Introducing MemBus: Constructing it

30 Aug 2010 in software-development | dotnet | patterns | membus |

as you might have guessed, MemBus isn’t a single class. A number of different responsibilities are tucked nicely behind the IBus interface. Those responsibilities want to be configured, which is done through the BusSetup class.

The BusSetup either takes a class that interacts with, or it allows you to interact directly with the IConfigurableBus.

BusSetup

Let’s talk about those responsibilities by looking at the interface:

IConfigurableBus_interface

 

  • ConfigurePublishing: Given a Message and a number of subscriptions, configure how the message is published on the subscriptions
  • ConfigureSubscribing: Given a subscription, configure how those subscriptions are shaped when a message is to be published to them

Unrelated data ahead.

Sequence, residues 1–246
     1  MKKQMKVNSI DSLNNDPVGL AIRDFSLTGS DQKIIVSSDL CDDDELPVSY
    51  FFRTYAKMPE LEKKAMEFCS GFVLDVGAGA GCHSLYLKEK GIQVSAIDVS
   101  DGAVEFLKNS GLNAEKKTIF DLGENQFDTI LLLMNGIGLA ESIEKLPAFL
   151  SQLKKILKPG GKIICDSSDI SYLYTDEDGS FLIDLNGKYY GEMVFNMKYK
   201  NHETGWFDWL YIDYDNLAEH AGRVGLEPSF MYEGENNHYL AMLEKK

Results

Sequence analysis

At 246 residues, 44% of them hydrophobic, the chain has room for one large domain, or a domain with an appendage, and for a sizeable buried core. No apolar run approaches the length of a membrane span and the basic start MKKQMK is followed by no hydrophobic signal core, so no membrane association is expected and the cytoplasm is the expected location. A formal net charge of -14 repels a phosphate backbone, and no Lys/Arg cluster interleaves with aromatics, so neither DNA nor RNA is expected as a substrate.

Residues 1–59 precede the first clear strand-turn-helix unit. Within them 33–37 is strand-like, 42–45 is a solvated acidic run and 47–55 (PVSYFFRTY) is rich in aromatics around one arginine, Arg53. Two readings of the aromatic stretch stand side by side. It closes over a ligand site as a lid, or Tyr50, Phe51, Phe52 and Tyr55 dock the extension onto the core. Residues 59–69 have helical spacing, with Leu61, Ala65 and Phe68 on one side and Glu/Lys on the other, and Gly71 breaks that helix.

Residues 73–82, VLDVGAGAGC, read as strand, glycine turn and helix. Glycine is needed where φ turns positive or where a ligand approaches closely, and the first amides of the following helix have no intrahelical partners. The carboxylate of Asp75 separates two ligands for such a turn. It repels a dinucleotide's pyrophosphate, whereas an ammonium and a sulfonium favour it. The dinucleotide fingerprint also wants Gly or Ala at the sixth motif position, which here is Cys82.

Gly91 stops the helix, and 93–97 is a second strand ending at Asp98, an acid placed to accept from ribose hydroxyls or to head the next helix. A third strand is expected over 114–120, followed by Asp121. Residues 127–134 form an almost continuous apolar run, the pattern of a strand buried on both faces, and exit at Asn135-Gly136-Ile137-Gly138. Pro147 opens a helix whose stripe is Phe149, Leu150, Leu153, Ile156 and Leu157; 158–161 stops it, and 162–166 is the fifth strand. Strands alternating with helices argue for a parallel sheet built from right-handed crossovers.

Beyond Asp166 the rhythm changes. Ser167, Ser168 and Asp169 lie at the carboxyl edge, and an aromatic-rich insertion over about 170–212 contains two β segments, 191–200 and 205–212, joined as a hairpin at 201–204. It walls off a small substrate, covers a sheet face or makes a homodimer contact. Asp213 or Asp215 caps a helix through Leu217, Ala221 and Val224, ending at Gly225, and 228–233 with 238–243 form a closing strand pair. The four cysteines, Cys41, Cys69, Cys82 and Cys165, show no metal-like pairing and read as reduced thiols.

• ConfigureBubbling: Given a Bus, which may be a child or a parent of some other bus (the concept will be explained in a later post), configures if messages bubble up to a parent or are pushed down to a child
  • AddResolver: A subscription resolver’s job is to provide subscriptions for a given message
  • AddSubscription: Pretty clear thing.
  • AddAutomaton: An automaton can be anything whose lifetime should be closely related to the Bus.
  • AddService: Similar to an automaton, these are rather instances that serve some purpose in making other parts of the Bus work.

 

MemBus doesn’t provide you with any singleton or anything. Being essentially a service to your application, it is your responsibility to keep as many instances of IBus as long as you want, although it is likely that you’ll usually have one instance around.

Chronology

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